I will in a second.
It was 100 years ago this year that a royal commission unanimously recommended the adoption of the alternative vote. However, the recommendation became caught up in the constitutional crisis when the unelected Conservative majority in the House of Lords decided to disrupt Lloyd George's excellent "People's Budget".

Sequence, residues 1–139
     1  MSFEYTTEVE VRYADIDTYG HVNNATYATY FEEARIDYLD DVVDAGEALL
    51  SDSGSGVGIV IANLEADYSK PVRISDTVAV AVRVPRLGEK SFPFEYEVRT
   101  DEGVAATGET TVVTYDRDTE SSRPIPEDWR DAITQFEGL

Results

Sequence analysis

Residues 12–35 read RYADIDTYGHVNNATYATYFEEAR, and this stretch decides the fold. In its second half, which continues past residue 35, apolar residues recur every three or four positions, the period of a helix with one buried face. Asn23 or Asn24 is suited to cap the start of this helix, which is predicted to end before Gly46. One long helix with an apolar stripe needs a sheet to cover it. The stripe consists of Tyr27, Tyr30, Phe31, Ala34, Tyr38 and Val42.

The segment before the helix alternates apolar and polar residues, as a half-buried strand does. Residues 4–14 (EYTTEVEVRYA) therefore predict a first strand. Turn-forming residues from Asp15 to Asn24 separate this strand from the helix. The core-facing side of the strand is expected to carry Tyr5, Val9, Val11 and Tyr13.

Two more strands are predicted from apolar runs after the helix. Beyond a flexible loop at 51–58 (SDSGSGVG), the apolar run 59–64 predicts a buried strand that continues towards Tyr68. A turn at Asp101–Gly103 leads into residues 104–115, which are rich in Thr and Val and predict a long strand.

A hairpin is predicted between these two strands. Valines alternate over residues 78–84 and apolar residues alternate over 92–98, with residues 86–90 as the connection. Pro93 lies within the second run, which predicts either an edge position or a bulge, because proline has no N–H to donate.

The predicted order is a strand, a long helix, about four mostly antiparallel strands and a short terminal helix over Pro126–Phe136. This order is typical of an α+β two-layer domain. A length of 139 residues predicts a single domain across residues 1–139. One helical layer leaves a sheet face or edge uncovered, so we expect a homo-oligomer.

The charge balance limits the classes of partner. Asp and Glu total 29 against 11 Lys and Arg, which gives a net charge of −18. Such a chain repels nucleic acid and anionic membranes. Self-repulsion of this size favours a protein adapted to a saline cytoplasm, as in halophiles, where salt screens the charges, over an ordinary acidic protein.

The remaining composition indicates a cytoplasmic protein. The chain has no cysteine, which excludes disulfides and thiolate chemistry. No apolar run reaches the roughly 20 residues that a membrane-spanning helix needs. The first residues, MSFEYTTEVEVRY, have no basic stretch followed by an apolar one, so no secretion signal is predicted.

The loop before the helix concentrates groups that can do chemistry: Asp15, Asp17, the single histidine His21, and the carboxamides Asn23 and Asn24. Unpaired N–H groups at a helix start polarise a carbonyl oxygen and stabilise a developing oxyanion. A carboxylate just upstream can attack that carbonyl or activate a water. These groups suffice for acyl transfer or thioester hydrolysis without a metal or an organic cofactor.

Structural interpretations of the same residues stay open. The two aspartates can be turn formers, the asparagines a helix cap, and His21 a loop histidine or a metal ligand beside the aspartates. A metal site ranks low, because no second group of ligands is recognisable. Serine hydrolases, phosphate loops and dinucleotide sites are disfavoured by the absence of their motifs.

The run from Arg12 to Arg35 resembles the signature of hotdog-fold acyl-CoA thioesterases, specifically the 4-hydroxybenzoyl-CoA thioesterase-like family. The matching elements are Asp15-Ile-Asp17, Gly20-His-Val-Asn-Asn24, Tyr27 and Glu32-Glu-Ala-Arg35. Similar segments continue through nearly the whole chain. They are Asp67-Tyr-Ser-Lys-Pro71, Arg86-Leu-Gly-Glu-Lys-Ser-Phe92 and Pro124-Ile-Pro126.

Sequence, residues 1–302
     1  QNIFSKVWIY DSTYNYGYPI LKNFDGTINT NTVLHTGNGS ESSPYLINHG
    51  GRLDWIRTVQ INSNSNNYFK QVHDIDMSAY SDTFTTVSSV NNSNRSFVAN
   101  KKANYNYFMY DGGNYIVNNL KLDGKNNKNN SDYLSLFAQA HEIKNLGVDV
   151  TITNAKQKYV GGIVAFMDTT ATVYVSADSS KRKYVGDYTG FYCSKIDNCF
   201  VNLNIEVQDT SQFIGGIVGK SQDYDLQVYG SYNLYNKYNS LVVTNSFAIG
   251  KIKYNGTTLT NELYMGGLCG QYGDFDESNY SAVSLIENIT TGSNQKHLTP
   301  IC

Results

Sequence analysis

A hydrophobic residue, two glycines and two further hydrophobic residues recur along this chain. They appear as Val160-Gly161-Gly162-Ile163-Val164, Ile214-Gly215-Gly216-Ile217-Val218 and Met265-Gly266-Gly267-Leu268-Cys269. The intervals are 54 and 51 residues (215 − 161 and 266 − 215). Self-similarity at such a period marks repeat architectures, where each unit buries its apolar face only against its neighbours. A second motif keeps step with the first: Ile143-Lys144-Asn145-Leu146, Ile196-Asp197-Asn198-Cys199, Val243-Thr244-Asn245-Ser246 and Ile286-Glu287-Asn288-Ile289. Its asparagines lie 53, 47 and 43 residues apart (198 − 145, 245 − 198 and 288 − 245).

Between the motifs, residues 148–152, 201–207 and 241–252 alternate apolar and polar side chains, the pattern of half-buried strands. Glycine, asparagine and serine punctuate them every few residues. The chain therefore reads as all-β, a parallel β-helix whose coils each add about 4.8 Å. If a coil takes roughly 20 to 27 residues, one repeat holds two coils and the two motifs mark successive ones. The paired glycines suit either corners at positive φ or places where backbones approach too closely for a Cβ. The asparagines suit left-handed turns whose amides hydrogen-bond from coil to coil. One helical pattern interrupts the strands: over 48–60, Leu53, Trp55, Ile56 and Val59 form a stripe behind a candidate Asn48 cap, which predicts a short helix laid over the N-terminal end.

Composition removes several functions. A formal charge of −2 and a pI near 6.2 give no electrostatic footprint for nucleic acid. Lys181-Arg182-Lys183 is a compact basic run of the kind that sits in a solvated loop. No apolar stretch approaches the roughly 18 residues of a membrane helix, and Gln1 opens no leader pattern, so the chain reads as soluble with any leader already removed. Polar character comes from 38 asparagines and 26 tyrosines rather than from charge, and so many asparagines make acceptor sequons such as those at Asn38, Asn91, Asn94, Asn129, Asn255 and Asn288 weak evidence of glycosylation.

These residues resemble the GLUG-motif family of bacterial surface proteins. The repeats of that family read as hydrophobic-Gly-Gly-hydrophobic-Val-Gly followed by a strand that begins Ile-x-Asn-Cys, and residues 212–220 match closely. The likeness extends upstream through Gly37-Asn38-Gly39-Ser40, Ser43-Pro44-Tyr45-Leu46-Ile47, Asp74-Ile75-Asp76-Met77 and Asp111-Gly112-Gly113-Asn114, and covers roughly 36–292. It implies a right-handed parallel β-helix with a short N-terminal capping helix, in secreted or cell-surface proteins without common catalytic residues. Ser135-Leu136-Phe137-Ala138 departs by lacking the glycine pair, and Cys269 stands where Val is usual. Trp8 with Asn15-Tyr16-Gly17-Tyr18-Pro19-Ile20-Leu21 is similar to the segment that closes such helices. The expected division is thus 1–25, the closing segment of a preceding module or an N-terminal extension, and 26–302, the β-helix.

It has been said that we should not spend a one-off £80 million at a time of economic crisis. However, the country faced a profound existential crisis in 1917 when the first world war was going badly. At that time the Government sensibly decided that they needed to look to the future, and recommended a change in the system through a Speaker's Conference-which, I remind the Committee, Winston Churchill supported as a Liberal. As a consequence of those proposals, the alternative vote was put before the House. [Interruption.] A Conservative Member mentions the Speaker's Conference, but what it recommended was different from what the House decided, and, in the end, it is the House that decides. Again, however, thanks to the built-in Conservative majority in the other place, this House's decision to go for the alternative vote was overturned, and instead the other place went not for first past the post, but for a system of proportional representation, and as a result the Bill fell.
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